Genetic Testing for ADHD Medication—6

gene-testing to inform ADHD drug therapy

Welcome to post 6, the next-to-last post in this series on gene-testing to inform ADHD drug therapy.

This blog series began with a single post in mind: Hey, wouldn’t it be interesting for both of us to get gene-tested for ADHD medications-response and to share the results with ADHD Roller Coaster readers.

By both of us, I mean me and my husband, Dr. Goat, a molecular biologist and geneticist who was diagnosed with ADHD at age 37.

But how many average folks know what is a gene variant, an extensive metabolizer, or a receptor? How many can describe the difference between an active and an inactive medication?

If most people are like me, the answer is, “not many.” If Dr. Goat and I were truly to perform a service to readers, we needed to provide for you a foundation for understanding the information provided by these tests.

Hence, a six-part blog series on gene-testing to inform ADHD drug therapy—that has now turned into 7 parts. The last post, number 6, was just too long for one sitting. So, I chopped it in half. Here is part 6, with the 7th and final post to appear next Wednesday.

Dr. Goat and I appreciate the enthusiastic response to this series, and we welcome your questions and comments.

ADHD, DNA, and Predicting Medication Response

To Recap:

Part 1  provides an overview to the topic of genetic testing as it relates to ADHD medication-response.

Part 2 shares testing results for my husband and me, along with my husband’s personal reactions to our disparate genes.

Part 3 defines what is meant by the term genotyping test. Briefly,  it’s a test that informs you of your genetic particulars. Specifically for our purposes in this blog series, it refers to tests that identify which variants of the drug-response genes known to be associated with ADHD medications that you have.

Part 4 explains how, when, and why this data might prove helpful, delving more deeply into the topics of pharmacokinetics (what your body does to the medication) and pharmacodynamics (what the medication does to the body).

Part 5 reminds that genotyping data provides only one piece of the puzzle. There are many other factors that can affect how well a medication works for you, including overall health factors and co-existing conditions.

—Gina Pera

Highlighting Our Test Results: Gina’s First

By Dr. Goat

In my previous post, I shared my reactions to receiving the test results—both for me and Gina—from the testing we did via Harmonyx. (There are other testing options, including some covered by insurance; this is simply the one we chose. They are all similar. We have no business affiliation with the company, which is no longer in the gene-testing business.)

Gina took the test solely out of intellectual curiosity; she does not have ADHD.

In this post, I share the results again and delve deeper into a few highlights about what they mean.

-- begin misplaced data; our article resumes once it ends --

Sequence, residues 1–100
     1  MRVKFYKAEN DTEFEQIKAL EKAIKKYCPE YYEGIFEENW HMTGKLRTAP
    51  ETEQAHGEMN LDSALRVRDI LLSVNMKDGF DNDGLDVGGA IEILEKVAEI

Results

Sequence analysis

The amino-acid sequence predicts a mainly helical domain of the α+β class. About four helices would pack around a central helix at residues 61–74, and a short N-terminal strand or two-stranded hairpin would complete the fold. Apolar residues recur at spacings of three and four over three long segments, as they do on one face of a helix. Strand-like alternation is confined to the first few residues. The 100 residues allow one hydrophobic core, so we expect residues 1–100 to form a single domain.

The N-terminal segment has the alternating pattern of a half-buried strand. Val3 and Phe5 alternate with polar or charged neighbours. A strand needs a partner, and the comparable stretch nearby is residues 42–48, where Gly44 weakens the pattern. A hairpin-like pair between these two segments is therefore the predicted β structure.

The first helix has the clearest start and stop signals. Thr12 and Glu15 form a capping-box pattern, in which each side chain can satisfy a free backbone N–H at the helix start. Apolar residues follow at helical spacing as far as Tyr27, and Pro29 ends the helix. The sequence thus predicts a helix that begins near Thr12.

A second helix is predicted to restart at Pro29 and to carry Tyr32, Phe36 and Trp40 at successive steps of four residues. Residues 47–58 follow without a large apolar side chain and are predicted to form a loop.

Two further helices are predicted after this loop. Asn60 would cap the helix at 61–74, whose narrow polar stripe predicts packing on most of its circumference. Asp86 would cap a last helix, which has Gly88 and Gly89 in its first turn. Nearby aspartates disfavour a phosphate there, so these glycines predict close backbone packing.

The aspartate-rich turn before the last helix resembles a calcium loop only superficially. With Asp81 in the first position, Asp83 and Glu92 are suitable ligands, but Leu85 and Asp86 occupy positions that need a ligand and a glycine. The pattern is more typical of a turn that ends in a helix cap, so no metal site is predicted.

In this post, we take a closer look at Gina’s results and next week we’ll examine mine.

According to Harmonyx, there are no obvious genetic problems with her ability to utilize all the medications in the green column (“Try these first”).

Does that mean she needs these medications or that she will derive a benefit from them? No, it absolutely does not. This test is for people who have been diagnosed with ADHD, the test itself does not make the diagnosis.


To review, for the sake of clarity:

  1. The genetic test is not diagnostic for ADHD
  2. The test does not indicate that anyone (ADHD or not) taking the test will achieve good therapeutic results from the medications in the “try these first” columns, in the sense that these medications will mitigate ADHD symptoms. For that, we look to the published literature examining the effectiveness of these medications. And we also consider individual response.

The Disclaimers

The test includes an important list of disclaimers. Here is my editorialized version of that list:

  • Drugs are reported in alphabetical order: The list is not intended to imply that the FDA has approved all of these drugs for the same indication, or that they are comparable in safety or efficacy. They are not!
  • The brand name is shown for illustrative purposes only; other brand names may also be available.
  • The prescribing physician should review the prescribing information for the drugs being considered, and make treatment decisions based on the patient’s individual needs and the characteristics of the drug prescribed.
  • The test looks only at the patient’s genotype and its relationship to these drugs. This is another indication of the care I find that Harmonyx is exercising in communicating with patients. Because some genes influence the response to many drugs (as I’ve indicated in post 3), my understanding is that Harmonyx only lists those drugs whose effectiveness in treating ADHD is heavily substantiated.